Responding to Rising Risk
Both adapting to unavoidable climate switch and mitigating future greenhouse gas emissions are required to manage the risks of extreme weather in a warmer climate. Since limiting the amount of COTwo in the atmosphere boundaries the magnitude of climate switch in general, reducing COTwo emissions is effective at preventing both linear increases in risks and the more difficult to predict, nonlinear switches in extremes. Due to this property, mitigation activity can be thought of as a benefit multiplier, as linear decreases in emissions can result in nonlinear decreases in extreme risk. Conversely, since climate switch is already underway, some impacts are unavoidable and society must adapt to them. In order to be effective, adaptation deeds must be commensurate with the magnitude of the risk. Nonlinear increases in risk associated with weather extremes require adaptation deeds beyond what would be expected by looking at switches in average climate conditions. Moreover, many adaptation options are likely to be infeasible if the climate switches too much; adequate mitigation is therefore required to facilitate successful adaptation.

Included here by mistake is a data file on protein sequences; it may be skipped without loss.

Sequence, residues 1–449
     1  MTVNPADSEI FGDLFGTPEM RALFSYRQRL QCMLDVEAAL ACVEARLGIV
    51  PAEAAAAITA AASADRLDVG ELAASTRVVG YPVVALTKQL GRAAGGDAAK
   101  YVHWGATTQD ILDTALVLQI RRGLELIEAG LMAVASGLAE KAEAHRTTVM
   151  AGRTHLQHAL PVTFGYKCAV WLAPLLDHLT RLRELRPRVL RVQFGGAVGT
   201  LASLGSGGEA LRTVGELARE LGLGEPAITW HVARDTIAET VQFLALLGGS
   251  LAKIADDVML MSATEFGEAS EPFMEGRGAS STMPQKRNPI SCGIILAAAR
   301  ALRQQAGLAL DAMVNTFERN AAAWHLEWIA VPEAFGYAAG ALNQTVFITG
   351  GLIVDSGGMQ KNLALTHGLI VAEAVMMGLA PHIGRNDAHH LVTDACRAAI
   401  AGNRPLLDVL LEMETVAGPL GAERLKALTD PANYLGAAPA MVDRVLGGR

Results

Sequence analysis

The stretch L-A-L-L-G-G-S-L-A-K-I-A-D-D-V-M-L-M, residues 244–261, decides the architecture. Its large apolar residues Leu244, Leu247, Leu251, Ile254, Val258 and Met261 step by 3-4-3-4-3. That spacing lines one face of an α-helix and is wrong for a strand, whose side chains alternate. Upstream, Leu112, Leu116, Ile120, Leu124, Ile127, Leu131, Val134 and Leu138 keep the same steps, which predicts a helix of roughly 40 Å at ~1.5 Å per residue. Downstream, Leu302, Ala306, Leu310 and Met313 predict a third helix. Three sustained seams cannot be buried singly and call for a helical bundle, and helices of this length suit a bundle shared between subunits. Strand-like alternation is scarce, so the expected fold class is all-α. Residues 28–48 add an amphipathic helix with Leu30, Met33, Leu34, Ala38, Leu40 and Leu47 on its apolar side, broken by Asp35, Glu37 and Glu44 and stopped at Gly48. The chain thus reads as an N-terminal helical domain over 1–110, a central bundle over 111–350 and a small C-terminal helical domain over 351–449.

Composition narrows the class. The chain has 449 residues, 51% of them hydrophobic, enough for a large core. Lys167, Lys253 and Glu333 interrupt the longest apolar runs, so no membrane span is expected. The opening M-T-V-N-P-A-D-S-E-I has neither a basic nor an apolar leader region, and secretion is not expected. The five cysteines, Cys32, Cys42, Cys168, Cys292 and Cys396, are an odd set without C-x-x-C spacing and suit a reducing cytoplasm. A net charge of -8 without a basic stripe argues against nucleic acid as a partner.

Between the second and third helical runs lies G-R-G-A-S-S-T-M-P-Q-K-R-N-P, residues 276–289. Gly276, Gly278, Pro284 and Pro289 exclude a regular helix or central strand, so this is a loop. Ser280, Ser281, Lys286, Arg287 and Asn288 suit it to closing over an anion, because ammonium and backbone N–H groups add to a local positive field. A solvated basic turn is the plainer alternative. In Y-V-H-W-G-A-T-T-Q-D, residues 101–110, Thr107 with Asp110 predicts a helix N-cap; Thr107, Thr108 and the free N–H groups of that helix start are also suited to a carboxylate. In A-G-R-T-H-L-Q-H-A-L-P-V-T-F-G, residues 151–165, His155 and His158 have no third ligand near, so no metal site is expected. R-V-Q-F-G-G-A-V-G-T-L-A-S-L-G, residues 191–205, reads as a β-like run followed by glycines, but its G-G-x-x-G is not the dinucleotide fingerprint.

Science is not a crystal ball, but it offers powerful devices for evaluating the risks of climate switch. Scientists can investigate whether the risk of certain types of events is rising by examining latest trends, and also whether the risks are likely to rise in the future using projections from climate models. When these two indicators converge, we should look to reduce vulnerability to such events. Indeed, a growing assets of research is using climate models as a mechanism for investigating future increases in risk. Models cannot predict specific events but for some types of extremes they can indicate how risk profiles are likely to switch in the future. This treatment is particularly powerful when benchmarked against actual events that society agrees should be guarded against.